utilizing whole chicken at slaughter? rec reading?

Discussion in 'Meat Birds ETC' started by 2overeasy, Oct 26, 2011.

  1. 2overeasy

    2overeasy Chillin' With My Peeps

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    I was wondering if there were resources available - a book, or something - that would teach me how to use every part of the chicken so that none goes to waste. In my quest for more sustainable living (just read Michael Pollan's Omnivore's Dilemma) I'm trying to limit how much I discard when I process a chicken. My chickens are giving me the ultimate gift, and it seems almost insulting to waste any part of that gift! ;-)
    Any suggestions?
     
  2. jasonm11

    jasonm11 Chillin' With My Peeps

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    eat what you like, give what you want to the dog and cats, boil the bones and feet for stock, and bury the guts and feathers for the lawn, Nothing left now, you rock. [​IMG]
     
  3. feathersnuggles

    feathersnuggles Chillin' With My Peeps

    Sep 4, 2009
    Seattle
    Hey, I'm thinking the same thoughts as you these days. So, I've been looking at how much we can eat of the insides, for example besides liver/heart/gizzard, I just ate the spleen, which was actually very tiny. Tasted strong, like liver. But okay to eat. A dish of spleens might be nice to try. Also, you can include the head in your stock pot, as long as it's been de-feathered. I used the head, as well as feet & bones for a super rich stock. I also melt down the fat, and freeze it for use in other dishes (it's sort of like butter).

    I fed all the discardable raw guts (except the gall bladder) to the birds. They went crazy for them. As long as your slaughtered bird(s) are healthy, there's no reason not to feed to your existing flock, if you have them. Otherwise, there are people who eat fermented parts, like intestines. But I haven't tried yet. [​IMG] Other cultures, other cuisines, if you know what I mean. But no one says those folks aren't healthy, and maybe healthier than we are. I may try it sometime.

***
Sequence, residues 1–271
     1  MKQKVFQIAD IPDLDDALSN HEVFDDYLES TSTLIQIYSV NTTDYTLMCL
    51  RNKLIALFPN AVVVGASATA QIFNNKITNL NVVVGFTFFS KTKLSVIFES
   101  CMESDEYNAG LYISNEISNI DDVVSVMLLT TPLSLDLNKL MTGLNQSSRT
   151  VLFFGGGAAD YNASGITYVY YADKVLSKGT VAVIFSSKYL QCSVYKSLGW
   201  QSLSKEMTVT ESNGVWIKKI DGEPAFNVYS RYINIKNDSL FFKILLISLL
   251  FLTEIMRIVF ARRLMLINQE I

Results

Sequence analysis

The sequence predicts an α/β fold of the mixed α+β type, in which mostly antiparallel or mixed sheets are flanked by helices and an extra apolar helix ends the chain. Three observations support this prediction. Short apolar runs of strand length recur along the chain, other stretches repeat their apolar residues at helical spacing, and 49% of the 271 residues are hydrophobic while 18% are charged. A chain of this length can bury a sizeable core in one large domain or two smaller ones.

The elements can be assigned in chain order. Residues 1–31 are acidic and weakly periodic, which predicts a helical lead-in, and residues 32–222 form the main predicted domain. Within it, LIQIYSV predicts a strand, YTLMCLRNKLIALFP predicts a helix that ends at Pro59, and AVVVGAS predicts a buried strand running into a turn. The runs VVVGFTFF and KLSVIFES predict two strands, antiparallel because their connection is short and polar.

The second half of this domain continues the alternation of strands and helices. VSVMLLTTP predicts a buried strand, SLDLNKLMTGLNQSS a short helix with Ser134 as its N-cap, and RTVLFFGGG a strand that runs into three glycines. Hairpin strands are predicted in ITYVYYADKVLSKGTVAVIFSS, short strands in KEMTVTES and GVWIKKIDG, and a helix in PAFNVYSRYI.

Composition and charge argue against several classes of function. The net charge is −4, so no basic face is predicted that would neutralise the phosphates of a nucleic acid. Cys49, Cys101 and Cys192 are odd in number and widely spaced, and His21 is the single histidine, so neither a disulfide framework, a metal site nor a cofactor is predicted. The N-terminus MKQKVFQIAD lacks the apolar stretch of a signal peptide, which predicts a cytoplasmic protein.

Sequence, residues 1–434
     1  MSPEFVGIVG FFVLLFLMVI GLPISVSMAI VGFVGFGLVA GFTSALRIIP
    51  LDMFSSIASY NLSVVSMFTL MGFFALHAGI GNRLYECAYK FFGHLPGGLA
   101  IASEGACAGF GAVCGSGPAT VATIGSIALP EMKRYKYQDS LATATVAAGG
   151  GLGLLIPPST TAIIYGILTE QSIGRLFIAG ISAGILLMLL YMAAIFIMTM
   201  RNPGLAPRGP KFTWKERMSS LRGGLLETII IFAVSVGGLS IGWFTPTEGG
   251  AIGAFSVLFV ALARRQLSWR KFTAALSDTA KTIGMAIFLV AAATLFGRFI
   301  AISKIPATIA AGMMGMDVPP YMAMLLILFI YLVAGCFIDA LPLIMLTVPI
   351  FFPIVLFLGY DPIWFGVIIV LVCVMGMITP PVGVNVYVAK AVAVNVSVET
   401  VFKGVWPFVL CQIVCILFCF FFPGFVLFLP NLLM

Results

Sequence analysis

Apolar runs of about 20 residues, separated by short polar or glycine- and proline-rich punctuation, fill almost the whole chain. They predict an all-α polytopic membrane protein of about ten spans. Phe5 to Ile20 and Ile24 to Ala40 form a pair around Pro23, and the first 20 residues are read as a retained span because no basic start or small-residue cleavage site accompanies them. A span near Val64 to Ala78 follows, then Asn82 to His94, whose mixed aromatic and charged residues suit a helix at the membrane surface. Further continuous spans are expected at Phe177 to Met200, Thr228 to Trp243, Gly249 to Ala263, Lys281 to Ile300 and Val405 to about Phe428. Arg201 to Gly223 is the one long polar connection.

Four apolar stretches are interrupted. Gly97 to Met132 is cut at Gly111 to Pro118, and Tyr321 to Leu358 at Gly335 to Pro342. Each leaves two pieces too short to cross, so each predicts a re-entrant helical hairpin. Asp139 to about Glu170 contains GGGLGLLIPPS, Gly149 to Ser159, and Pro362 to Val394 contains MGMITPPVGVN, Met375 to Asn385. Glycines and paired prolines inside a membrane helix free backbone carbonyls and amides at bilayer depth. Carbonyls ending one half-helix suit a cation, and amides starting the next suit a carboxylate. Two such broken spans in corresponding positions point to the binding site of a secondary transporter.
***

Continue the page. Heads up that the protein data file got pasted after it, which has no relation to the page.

Besides the edible parts, you can wash the feathers with a tiny bit of baby shampoo and dry them for use in projects.

    Otherwise our soils desperately need blood, bones, fat, feathers, and anything else that would be tossed into the trash. After you've extracted everything you can for your food and feeding your livestock or pets, etc... bury deep the rest in your garden and don't throw anything away. IMO, that's the best way to honor the life that was given.
     
    Last edited: Oct 26, 2011
  4. justbugged

    justbugged Head of the Night Crew for WA State

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    I don't know of any books out there, but even the parts that we can't, won't or, don't eat is always used as fertilizer in the garden. So nothing really goes to waste. The intestines can not be used for anything else, without major risk to health. But by feeding the earth we create a super place for growing usable food.
     
  5. donrae